Continued Accessibility at Mediacurrent
We were incredibly excited to be a part of Kennesaw State’s usability lab launch and a major contributor to a future of accessible innovations. Digital accessibility is at the forefront of our digital efforts, and as an accessibility-first company, we’re also excited to announce that we will soon be joining the International Association of Accessibility Professionals (IAAP) as a contributing organization.
We are advocates for website accessibility for all through our mission and services, and being a part of the IAAP will help us continue to create a more accessible open source space. Our Accessibility team, who help ensure that usability is at the forefront of our projects and work, are excited to move forward with IAAP, continue to learn and stay on top of digital accessibility best practices, and earn accredited certifications.
We hope this serves as inspiration and drives awareness to other companies that would like to donate or get involved with this important cause. Dr. Palmer and her team are looking for more sponsors to build out and complete the usability lab at Kennesaw State University.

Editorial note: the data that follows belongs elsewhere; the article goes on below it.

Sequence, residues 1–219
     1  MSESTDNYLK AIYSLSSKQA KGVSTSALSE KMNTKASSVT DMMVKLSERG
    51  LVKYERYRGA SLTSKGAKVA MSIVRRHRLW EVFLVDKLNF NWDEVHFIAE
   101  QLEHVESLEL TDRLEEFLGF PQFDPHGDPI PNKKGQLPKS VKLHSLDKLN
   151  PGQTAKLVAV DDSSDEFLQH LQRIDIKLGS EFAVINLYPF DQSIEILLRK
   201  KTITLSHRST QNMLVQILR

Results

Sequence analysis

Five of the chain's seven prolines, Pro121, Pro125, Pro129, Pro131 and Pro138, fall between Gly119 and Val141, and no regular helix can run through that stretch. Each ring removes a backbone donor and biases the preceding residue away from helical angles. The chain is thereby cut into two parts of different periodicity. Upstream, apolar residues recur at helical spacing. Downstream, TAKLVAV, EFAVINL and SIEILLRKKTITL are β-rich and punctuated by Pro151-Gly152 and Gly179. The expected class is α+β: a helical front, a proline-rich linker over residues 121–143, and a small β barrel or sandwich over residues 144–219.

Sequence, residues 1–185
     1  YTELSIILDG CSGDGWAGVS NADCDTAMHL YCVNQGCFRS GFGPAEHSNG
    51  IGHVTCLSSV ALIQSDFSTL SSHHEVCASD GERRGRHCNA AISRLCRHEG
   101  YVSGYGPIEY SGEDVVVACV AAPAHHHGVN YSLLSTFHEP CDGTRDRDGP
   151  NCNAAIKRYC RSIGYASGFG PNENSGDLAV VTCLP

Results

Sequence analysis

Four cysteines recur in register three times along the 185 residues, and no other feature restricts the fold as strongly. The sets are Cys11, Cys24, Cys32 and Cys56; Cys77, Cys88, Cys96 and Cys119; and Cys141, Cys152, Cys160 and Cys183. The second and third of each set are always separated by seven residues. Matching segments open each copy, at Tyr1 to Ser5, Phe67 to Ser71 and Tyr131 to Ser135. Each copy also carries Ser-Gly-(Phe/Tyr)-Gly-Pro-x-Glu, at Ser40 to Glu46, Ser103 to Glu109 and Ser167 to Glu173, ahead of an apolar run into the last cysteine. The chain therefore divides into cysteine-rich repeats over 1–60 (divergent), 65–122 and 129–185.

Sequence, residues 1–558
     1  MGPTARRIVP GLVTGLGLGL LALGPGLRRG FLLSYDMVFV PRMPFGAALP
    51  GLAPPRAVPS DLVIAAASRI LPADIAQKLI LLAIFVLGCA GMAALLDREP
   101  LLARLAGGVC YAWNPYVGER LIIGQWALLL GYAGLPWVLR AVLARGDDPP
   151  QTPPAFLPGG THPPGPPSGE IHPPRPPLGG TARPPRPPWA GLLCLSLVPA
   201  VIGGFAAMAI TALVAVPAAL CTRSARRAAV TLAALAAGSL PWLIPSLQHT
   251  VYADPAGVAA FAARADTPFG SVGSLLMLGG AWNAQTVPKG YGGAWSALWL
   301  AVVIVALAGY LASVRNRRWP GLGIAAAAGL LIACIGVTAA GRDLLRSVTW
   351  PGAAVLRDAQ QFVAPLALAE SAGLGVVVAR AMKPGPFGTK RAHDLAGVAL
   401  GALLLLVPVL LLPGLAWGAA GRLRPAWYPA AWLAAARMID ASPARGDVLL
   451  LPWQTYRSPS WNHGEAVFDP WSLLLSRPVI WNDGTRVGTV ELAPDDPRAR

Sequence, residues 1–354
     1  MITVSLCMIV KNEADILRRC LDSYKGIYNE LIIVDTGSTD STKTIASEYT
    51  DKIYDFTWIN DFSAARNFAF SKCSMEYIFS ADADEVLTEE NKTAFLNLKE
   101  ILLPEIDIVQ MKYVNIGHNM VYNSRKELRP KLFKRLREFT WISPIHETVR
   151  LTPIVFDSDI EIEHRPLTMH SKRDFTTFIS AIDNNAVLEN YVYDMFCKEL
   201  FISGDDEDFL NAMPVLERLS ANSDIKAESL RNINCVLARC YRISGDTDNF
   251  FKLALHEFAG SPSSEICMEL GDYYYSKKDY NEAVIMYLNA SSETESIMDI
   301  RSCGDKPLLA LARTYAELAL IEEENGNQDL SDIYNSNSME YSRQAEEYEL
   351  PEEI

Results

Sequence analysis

So how can you contribute to an easier, more accessible digital world? Consider supporting KSU’s new usability lab by funding a second workstation, providing smaller donations, and driving awareness. With your help, the usability lab can become an accessibility hub, providing more students with hands-on learning experiences that will help them get jobs and make an impact in the wider world.
In your own space, consider doing an accessibility audit on your website. We found some great places to improve our own website after doing an internal accessibility audit. Check out what we found and get a content strategy checklist based on WCAG guidelines that you can use as a foundation for your audit. Or, if you’re a part of a higher education organization, listen to our Open Waters Podcast episode featuring Kettering University’s Donna Wick to learn about some quick accessibility wins.
If you’re interested in committing your company to being an accessibility-first organization, keep an eye out for how you can follow in our footsteps to partner with universities like KSU to create usability and accessibility labs.